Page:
China's Historic Silk Road is Resurrected from the Rubble | Elementum

China’s Historic Silk Road is Resurrected from the Rubble

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China is leading an initiative to revive one of the largest feats of trade infrastructure the world has ever known.

Dating from China’s Han Dynasty, the Silk Road has stood sentinel for centuries — a network of trade routes linking the country’s commerce hubs to its biggest trading partners. Ancient records show that the route stretched from Chan’an, China (present-day Xian) in the far east, through India, Persia, Arabia, and — by its sea routes — as far as Europe’s Mediterranean coasts. The road not only paved the way for trade among these civilizations to flourish — it also served as a medium for cultural exchange. Massive changes in technology, transportation, and power dynamics over the centuries, led to the eventual abandonment of the road. Despite this neglect, the Silk Road has not been forgotten — nor has its inherent geographical logic escaped modern-day governments.

Reinventing the Road

More than 2,000 years after its creation, the road that changed the face of Chinese commerce is being revived. In 2013, President Xi Jin Ping introduced an initiative to construct a modern-day equivalent of the Silk Road as part of the country’s 2030 Agenda for Sustainable Development. The project is being called the Belt and Road Initiative (BRI) or One Belt One Road (OBOR). When completed, it will span over 65 countries, representing 60 percent of the global population and around a third of global GDP. The China Development Bank has reserved US $890 billion for some 900 projects. What prompted China’s government to undertake this behemoth task?  

China’s economy saw double-digit growth for almost 30 years, until the global recession caught up to it in 2010. Despite the slowdown, the country’s leadership shows every sign of wanting to continue expanding economic activity around the globe. With growth flagging, China needs vast amounts of energy and raw materials to maintain momentum. In a move criticized by some as neo-colonialism, it has become Africa’s largest trading partner, establishing trade zones in several African countries and importing 1.4 million barrels of oil a day from the continent. With similar economic interests in the Middle East and South America, China must find ways to facilitate expanding trade with these regions.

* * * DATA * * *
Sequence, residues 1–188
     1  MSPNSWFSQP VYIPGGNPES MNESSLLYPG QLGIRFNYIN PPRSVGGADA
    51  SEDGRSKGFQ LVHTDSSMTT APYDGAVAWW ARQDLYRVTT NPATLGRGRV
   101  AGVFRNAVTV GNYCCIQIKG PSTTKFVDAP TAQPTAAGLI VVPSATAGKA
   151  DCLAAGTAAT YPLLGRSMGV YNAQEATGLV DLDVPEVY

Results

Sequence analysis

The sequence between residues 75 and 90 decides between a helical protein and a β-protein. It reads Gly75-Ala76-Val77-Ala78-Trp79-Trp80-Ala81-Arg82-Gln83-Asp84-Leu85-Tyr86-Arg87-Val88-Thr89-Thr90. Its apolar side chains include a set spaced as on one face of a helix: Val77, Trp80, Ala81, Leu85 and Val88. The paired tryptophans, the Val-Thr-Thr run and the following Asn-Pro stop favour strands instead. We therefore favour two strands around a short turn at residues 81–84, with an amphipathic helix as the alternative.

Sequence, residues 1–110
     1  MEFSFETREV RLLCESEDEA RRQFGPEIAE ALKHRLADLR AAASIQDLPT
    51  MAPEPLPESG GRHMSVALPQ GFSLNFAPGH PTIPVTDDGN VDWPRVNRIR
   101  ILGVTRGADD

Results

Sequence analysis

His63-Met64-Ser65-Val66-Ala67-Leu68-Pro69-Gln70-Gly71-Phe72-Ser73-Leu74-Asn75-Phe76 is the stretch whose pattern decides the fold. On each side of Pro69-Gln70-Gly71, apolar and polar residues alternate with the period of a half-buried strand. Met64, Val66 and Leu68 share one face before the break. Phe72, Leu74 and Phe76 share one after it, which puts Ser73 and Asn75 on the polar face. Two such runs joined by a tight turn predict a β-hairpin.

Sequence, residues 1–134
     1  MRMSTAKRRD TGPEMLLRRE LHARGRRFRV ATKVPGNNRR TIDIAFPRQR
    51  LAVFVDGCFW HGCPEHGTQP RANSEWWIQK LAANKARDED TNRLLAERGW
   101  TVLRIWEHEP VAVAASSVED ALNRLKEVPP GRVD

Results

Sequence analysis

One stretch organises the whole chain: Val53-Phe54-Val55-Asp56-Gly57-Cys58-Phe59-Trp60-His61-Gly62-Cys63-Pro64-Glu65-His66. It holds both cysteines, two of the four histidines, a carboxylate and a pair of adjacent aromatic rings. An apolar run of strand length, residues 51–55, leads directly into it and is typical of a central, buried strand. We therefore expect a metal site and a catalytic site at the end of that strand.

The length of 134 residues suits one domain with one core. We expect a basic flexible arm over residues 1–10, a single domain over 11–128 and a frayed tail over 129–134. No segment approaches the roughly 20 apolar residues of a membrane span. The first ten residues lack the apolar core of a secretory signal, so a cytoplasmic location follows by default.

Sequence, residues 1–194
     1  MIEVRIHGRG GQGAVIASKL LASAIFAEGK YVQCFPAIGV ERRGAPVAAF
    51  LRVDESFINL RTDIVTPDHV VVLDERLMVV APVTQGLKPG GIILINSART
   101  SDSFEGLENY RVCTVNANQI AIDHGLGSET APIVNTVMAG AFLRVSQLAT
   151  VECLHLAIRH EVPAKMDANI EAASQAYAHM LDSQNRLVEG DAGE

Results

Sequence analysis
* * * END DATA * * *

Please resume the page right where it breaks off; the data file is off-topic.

The project aims to facilitate free trade, more advantageous trade agreements for China, and better integration of financial systems (i.e. more banks carrying the Chinese yuan and easier currency conversion). It will also facilitate greater connectivity and communication between Chinese businesses and their global partners. Overall, China stands to gain a lot of control ov

er economic development and infrastructure growth across the countries that BRI will cover.


To achieve all this, the initiative includes a two-pronged solution to reopen the road’s ancient land and maritime routes. The first is called the “Silk Road Belt.” If completed according to plan, it will reintroduce ancient land routes connecting China with Europe via parts of Central Asia and the Middle East. This will include a rail route stretching from Chongqing, China, through Kazakhstan, Russia, Belarus, and Poland to Duisburg in Germany. The second prong is the “21st Century Maritime route.” It will span global waters to facilitate inter and intranational trade, establishing new ports from along China’s southeast coast to Africa, the Mediterranean region and beyond.


Investments and Cooperation